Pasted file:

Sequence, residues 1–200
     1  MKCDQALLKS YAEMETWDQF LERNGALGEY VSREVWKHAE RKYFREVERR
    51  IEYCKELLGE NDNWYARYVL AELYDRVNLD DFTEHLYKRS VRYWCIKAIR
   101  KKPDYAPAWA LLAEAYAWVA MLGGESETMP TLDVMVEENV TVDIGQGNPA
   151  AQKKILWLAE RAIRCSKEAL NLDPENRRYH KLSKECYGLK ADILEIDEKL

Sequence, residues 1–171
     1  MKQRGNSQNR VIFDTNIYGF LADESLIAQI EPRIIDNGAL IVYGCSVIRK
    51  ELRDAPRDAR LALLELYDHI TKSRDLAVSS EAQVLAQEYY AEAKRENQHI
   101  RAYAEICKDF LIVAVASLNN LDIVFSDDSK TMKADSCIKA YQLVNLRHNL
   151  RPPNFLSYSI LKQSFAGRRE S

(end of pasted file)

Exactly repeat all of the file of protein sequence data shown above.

Sequence, residues 1–200
     1  MKCDQALLKS YAEMETWDQF LERNGALGEY VSREVWKHAE RKYFREVERR
    51  IEYCKELLGE NDNWYARYVL AELYDRVNLD DFTEHLYKRS VRYWCIKAIR
   101  KKPDYAPAWA LLAEAYAWVA MLGGESETMP TLDVMVEENV TVDIGQGNPA
   151  AQKKILWLAE RAIRCSKEAL NLDPENRRYH KLSKECYGLK ADILEIDEKL

Sequence, residues 1–171
     1  MKQRGNSQNR VIFDTNIYGF LADESLIAQI EPRIIDNGAL IVYGCSVIRK
    51  ELRDAPRDAR LALLELYDHI TKSRDLAVSS EAQVLAQEYY AEAKRENQHI
   101  RAYAEICKDF LIVAVASLNN LDIVFSDDSK TMKADSCIKA YQLVNLRHNL
   151  RPPNFLSYSI LKQSFAGRRE S